“This tax advantage essentially gives HSA holders up to a 37% discount (depending on the holder’s tax bracket) on each out-of-pocket health care purchase,” AFP’s Brown said. “However, HSAs are only available to people with a federally defined high-deductible health insurance plan — just 10% of Americans.”

State and school employees in Mississippi should be able to opt in for an HSA soon after July 1, when the legislation takes effect.

CON Reforms Die Once Again

Reforms to certificate of Need (CON) laws have been a hot topic among think tanks and other groups outside of the healthcare bubble, with the focus being to find less restrictive, more competitive ways to elevate and expand healthcare access in Mississippi.

CON laws, initially aimed at preventing the duplication of services and control costs within an area, are now viewed as largely outdated, protectionist even, by many onlookers seeking solutions with affordability, quality, and accessibility in mind. These regulations prevent a medical provider from opening a new location or offering new services without first obtaining permission from the state.

Two bills – HB 419 and HB 848 – that could have brought CON law reforms to the forefront both died in the 2024 session.

Douglas Carswell, the CEO of the Mississippi Center for Public Policy, was disappointed to see the measures taken off the table.

“The former would have removed restrictions that intentionally limit the number of healthcare providers. The latter would have removed Certificate of Need restrictions limiting the number and range of psychiatric service providers,” Carswell said. “Both proposals were killed off.  This is especially disappointing given the powerful testimony to the House during evidence sessions which showed that these restrictions serve the interests of a few healthcare corporations, not the patients.”

HB 419, authored by State Rep. Hank Zuber (R), would have brought forward code sections related to CON laws, inserting a repealer for June 30, essentially providing a vehicle for lawmakers to debate and consider changes to the CON laws on the books. While it passed the House 112-5 after being double referred to the House Public Health and Human Services Committee and the House State Affairs Committee, the measure was not well received in the Senate, where it died in the Senate Public Health and Welfare Committee.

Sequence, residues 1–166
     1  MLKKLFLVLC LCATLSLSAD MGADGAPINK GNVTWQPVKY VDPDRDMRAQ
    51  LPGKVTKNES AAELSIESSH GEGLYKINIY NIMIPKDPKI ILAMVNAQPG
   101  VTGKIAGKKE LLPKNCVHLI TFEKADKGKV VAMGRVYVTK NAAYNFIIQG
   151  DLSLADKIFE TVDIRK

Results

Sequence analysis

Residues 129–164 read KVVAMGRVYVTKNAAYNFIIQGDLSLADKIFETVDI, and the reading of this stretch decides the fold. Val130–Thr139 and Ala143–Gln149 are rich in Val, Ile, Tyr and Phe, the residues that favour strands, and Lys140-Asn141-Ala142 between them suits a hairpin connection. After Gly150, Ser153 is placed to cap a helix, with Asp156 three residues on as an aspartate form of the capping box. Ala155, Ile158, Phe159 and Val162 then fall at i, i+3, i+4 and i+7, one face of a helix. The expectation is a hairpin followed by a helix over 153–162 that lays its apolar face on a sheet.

As for HB 848, authored by State Rep. Lee Yancey (R), the legislation directly addressed CON regulations on chemical dependency service and facilities, affiliated care facilities, facilities for individuals with intellectual disabilities, psychiatric residential treatment facilities, and birthing centers.

Rep. Yancey previously said the legislation was modeled on recommendations from the Mississippi State Department of Health, that agency that oversees CON application approval, with input from the Department of Mental Health.

The measure made its way into conference after unanimously passing in the House and with only one dissenting vote after being amended in the Senate. Yet, conferees failed to reach an agreement, allowing the bill to die on deadline.

Advanced Practice Nurses No Closer to Full Practice Authority

For the last several years, legislation has been introduced that would allow experienced advanced practice nurses, like nurse practitioners, to provide basic medical care without a supervision agreement with a treating physician. State Senator Kevin Blackwell (R) proposed the legislation this year through SB 2079, but the bill did not receive a hearing or vote.

Supporters of the legislation point to twenty-seven states that have implemented the reform and studies which have shown that allowing full practice authority increases the supply of medical providers, particularly in underserved areas, while also improving health outcomes and lower costs.

Opponents argue that eliminating supervising agreements is unsafe for patients.

Under current Mississippi law, advanced practice nurses can already provide medical care within the scope of their training without a physician present. Instead, advanced practice nurses pay a physician to review 10% of their charts once a month after patients have already been treated.

About the Author(s)
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Frank Corder

Frank Corder is a native of Pascagoula. For nearly two decades, he has reported and offered analysis on government, public policy, business and matters of faith. Frank’s interviews, articles, and columns have been shared throughout Mississippi as well as in national publications. He is a frequent guest on radio and television, providing insight and commentary on the inner workings of the Magnolia State. Frank has served his community in both elected and appointed public office, hosted his own local radio and television programs, and managed private businesses all while being an engaged husband and father. Email Frank: